onward. That's not an NBC factchecker in that old-school screengrab to the right — it's Brokaw, who has said time and again that he wrote the book through the lens of having seen it firsthand. As a reader, that is the impression that you get. You also get the impression that he actually interviewed the people he says he did, because he says things like "When I asked President Clinton about..." and "When we met in her Senate office, I turn the question around" and "When I ask if he ever goes to reunions with buddies from his old outfit, he says..." From the table of contents, it looks like Brokaw interviewed over 80 people for this book. But, clearly Brady didn't even read that.

He doesn't even attempt to answer his own questions: "Just how much help [are you] allowed to have in putting your own name on the title page of a serious book?" All he does is imply darkly that Brokaw, with his vast shadowy army of helpers, went over the line. It's the classic putting-the-statement-in-question-form: "But has Brokaw earned his best-seller status, or is he simply smarter and better-organized and with better sources than the rest of us?" I dunno, maybe — I wonder what those random Random House employees and NBC staffers recall about traveling through Vietnam with Senator Jim Webb in January 2006 (p. 163) or about his introduction to the heady, free-lovin' vibe of Haight-Ashbury ("A young girl, no more than sixteen, approached and asked if I wanted to buy some hash...she added proudly, 'I've slept with all the Byrds.'" - p. 243) or about that time in Americus, Georgia when the sheriff trained his shotgun on him for daring to try to cover a school segregation story (p. 45-46) or that almost-orgy on pg. 19 (fine, Meredith wanted to leave, Tom, but did you?). I guess those details are easy to come by when you have so many helpers around!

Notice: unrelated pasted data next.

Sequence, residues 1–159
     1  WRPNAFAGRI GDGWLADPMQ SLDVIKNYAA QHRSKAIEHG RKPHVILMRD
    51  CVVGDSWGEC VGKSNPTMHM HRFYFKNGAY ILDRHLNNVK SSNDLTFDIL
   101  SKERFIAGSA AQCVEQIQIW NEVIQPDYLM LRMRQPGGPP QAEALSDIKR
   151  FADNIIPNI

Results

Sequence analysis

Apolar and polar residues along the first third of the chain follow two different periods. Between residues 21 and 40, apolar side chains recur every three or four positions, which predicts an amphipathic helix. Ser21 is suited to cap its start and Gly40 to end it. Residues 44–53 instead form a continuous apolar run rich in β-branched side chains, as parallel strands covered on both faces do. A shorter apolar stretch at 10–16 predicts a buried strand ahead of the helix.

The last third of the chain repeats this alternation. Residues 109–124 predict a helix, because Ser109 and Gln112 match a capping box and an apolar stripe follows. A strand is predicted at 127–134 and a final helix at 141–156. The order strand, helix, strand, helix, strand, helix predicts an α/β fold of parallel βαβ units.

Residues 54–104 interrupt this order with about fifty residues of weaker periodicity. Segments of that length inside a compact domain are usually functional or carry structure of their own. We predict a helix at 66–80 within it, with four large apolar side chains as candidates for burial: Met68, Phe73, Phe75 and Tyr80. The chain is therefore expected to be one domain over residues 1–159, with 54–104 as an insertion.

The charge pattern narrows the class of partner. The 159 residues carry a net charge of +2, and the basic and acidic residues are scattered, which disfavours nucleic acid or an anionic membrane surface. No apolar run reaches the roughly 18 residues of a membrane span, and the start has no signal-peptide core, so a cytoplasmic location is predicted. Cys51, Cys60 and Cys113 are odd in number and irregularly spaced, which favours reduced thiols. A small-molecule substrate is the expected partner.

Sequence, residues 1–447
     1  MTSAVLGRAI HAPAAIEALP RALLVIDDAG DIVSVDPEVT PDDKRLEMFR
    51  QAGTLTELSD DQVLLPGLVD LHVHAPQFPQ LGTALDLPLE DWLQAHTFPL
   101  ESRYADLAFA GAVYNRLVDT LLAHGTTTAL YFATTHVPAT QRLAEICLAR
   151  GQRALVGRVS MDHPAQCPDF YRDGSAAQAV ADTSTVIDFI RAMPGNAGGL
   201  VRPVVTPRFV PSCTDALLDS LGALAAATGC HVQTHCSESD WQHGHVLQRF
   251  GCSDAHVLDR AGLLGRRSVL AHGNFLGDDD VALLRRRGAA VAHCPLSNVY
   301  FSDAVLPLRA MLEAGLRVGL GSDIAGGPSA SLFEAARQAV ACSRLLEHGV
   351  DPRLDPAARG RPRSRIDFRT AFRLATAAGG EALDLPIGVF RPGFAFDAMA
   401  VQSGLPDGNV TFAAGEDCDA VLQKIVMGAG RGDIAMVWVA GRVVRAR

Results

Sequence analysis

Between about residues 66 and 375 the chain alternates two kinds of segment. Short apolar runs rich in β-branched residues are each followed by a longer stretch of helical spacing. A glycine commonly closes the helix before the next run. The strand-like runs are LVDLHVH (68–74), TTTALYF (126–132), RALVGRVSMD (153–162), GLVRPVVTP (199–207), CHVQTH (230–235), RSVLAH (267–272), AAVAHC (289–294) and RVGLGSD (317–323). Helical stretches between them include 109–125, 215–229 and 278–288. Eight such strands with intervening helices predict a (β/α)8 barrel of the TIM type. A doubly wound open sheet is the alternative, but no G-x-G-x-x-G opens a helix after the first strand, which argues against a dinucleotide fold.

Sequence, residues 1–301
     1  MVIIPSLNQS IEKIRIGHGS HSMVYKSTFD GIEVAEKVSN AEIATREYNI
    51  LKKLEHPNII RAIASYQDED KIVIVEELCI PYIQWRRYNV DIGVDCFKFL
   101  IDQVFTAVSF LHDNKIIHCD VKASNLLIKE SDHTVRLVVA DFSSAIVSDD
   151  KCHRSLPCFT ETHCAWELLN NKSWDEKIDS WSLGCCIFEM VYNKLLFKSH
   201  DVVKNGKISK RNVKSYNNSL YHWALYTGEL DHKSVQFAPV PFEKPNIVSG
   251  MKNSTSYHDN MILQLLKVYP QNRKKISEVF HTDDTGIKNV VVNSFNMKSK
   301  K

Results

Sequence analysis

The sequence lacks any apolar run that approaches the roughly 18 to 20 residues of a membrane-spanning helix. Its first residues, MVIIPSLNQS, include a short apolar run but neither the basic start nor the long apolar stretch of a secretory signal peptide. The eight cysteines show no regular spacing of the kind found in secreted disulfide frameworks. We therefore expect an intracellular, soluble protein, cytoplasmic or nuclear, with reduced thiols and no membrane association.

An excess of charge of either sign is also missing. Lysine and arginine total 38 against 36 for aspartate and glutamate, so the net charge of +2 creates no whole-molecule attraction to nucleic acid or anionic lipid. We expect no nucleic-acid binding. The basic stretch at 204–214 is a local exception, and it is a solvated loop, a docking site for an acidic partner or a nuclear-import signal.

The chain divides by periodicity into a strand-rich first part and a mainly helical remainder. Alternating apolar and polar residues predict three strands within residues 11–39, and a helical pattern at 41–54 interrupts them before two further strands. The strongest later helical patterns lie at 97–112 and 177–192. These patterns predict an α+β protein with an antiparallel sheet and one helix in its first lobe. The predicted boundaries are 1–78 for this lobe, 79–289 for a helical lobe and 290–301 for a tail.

Reading an error-riddled, journalistically-bankrupt hit piece like this makes it hard to remember that Brady is an acclaimed author in his own right, having written his own definitive book on the Korean War, The Coldest War: A Memoir of Korea , which I haven't read but Amazon tells me has 256 pages. Hmm, I wonder if he wrote ALL those pages himself? The index is six pages long (thank you, Amazon reader), and the very second entry is for someone named Mack Allen, who appears on a whole bunch of listed pages. There's also a Jan Sterling and a John Chafee, a Major Nicholson, Seargeants Dils and Dodge, plus Bob Hope and Jimmy Cagney. That's a lot of people on a lot of pages — surely Brady isn't taking credit for coming up with their stories? This could not be a more ridiculous line of reasoning for me to take — how on earth could I ever tell without reading through the book? It's a de minimis standard, and one that Brady himself utterly fails to meet.

I've said it before but I'll say it again: It drives me NUTS when people airily brush off the work of the blogosphere and extol the virtues of "real" journalists in print, and then a top-tier magazine like Forbes goes ahead and publishes this tripe. From top to bottom it's an affront to journalism, never mind to this particular journalist: It floats nasty, suggestive questions that imply the answer, unproven; it makes assumptions based on conjecture, weakly-sourced; it makes statements that are flat-out wrong — because Brady didn't care and couldn't have been bothered to ask.

It does, however, provide me with a neat opportunity to say this: My interview with Tom Brokaw will run tomorrow. James Brady, check it out!

Team Brokaw [Forbes]

Er, transcribing takes time. Not tomorrow, but it'll be up soon!

Go To Homepage

Before You Go

Popular in the Community